The Portrait of an Artist: Remembering Michael Turner

Little known fact. The late Michael Turner was one of my personal heroes. He was also one the catalysts who inspired me to go to art school and get my BFA in computer animation. It was on the path of getting my BFA that of course eventually led me to becoming a published author and a comic book nerd seraph that you’ve all come to know and feel morally ambivalent about.

And to think none of that might’ve happened had a chance meeting not occurred.

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Harvard Man

As many of you may know, in addition to being a published author, an equal rights activist, and a nerd seraph, I’m also a pop culture analyst.

A regular fixture on the Nerds of Color, my work has also been featured on Salon, MTV.com, Mental Health Matters, Geeks OUT, Black Girl Magic Lit Mag, and a host of other places.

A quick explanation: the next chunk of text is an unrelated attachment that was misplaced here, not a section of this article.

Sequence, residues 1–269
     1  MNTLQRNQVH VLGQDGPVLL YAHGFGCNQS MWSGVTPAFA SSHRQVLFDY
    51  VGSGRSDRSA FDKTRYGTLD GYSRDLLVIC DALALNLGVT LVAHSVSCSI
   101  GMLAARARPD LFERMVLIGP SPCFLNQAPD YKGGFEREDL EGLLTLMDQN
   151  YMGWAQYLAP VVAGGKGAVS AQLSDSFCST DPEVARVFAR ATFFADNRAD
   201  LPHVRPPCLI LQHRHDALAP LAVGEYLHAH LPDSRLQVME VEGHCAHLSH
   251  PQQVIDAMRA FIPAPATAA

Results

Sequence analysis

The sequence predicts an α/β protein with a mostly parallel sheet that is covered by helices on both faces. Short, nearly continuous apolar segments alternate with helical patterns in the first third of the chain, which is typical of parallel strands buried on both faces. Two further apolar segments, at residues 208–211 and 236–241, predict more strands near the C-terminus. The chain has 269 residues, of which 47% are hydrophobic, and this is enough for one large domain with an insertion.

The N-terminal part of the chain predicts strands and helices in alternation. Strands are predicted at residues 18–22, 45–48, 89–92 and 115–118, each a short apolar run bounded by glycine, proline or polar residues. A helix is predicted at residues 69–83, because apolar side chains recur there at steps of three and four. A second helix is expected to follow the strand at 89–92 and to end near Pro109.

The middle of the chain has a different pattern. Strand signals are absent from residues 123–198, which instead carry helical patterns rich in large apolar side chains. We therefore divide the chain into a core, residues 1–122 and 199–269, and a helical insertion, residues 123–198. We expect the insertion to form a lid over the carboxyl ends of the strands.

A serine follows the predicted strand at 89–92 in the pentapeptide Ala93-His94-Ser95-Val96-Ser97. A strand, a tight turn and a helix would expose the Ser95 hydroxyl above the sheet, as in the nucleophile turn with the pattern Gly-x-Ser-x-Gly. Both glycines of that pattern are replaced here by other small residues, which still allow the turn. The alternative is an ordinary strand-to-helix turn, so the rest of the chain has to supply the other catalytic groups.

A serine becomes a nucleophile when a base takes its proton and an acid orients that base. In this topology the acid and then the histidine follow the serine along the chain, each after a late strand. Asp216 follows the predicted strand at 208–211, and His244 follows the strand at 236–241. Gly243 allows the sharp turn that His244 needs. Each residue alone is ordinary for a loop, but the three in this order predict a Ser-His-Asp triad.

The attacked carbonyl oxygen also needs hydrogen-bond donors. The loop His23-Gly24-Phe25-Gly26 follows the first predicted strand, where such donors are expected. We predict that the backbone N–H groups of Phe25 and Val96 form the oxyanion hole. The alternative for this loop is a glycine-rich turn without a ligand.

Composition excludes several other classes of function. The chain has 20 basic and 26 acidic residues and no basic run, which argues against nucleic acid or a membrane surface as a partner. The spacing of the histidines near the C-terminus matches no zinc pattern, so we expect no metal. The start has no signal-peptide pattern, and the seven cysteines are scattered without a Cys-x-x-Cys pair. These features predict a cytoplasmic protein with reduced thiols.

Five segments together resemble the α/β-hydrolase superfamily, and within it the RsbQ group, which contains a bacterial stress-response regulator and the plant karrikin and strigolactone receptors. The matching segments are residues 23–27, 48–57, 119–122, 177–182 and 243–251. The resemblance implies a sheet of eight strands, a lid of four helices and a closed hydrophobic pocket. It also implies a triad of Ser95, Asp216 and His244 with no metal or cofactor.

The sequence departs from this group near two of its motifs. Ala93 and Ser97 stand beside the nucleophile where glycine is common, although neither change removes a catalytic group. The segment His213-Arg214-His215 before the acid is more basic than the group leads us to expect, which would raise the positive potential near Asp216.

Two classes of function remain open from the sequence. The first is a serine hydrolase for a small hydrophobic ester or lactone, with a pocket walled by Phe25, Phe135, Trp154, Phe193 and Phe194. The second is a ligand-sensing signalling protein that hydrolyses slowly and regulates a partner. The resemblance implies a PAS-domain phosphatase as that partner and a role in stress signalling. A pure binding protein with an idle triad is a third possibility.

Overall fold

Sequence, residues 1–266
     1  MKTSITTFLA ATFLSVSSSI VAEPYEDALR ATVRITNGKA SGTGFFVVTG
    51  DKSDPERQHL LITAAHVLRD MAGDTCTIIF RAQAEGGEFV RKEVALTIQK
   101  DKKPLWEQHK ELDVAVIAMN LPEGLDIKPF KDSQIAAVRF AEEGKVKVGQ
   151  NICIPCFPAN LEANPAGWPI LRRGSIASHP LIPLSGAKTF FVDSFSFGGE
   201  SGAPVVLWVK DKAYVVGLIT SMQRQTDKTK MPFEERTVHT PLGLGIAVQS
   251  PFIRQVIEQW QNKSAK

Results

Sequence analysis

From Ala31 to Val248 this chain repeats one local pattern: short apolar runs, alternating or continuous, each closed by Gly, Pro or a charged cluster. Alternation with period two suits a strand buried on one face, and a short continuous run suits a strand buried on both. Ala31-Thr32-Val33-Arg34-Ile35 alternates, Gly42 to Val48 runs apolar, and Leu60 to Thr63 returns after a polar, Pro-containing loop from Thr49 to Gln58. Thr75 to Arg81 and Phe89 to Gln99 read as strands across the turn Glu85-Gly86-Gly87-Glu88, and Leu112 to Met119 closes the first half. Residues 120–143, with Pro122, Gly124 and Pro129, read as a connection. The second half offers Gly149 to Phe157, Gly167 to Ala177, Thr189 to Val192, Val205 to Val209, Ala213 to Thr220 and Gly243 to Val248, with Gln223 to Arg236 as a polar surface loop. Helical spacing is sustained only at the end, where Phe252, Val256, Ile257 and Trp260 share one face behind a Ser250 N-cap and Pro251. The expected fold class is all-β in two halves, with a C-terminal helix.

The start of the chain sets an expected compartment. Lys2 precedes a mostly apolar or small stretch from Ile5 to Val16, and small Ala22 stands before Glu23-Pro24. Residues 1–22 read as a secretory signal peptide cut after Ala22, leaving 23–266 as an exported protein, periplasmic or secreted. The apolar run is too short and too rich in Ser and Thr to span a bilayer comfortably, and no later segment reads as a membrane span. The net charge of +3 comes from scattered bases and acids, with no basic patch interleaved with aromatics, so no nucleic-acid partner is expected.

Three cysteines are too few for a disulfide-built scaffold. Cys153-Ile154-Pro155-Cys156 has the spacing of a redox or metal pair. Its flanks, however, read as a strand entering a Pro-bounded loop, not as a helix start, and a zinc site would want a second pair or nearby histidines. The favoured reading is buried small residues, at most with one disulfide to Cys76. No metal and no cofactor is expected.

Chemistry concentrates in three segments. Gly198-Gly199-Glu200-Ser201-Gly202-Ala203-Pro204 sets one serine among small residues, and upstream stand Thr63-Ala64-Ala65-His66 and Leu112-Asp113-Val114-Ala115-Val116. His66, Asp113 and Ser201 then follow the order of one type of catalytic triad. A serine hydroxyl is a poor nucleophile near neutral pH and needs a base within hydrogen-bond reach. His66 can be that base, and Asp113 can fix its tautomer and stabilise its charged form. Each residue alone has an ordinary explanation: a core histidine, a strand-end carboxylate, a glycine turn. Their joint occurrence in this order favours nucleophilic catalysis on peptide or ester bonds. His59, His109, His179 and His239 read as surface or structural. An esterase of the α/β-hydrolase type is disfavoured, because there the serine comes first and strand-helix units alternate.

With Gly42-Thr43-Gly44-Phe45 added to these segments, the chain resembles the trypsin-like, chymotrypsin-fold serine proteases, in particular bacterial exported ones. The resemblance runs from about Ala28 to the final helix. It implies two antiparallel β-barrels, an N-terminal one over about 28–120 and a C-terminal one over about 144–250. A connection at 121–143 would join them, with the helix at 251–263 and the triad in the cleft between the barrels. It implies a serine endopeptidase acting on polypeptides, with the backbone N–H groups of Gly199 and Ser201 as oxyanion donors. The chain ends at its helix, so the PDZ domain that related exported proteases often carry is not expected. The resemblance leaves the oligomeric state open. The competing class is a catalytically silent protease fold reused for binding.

Whether it’s comic books, video games, blockbuster films, or music albums, it is absolutely paramount that we critique our media if for no other reason than to analyze its influence in molding minds and shaping society.

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Thanks to Jen Bartel, Kris Anka: This #AAIronFist Redesign Took Over Twitter

This past weekend, Netflix finally dropped all 13 episodes of Iron Fist. For the most part, the internet was not pleased. While a smattering of Fist Stans tried their damnedest to pretend what they watched was, you know, good, the consensus among critics (and fans too) was this was Marvel’s first big miss. There was one awesome outcome of the Iron Fist debacle, however: a slew of awesome comics artists began sharing their takes on a redesigned Asian American Danny (or Dani) Rand! And it all started when Jen Bartel shared her riff on Kris Anka’s original: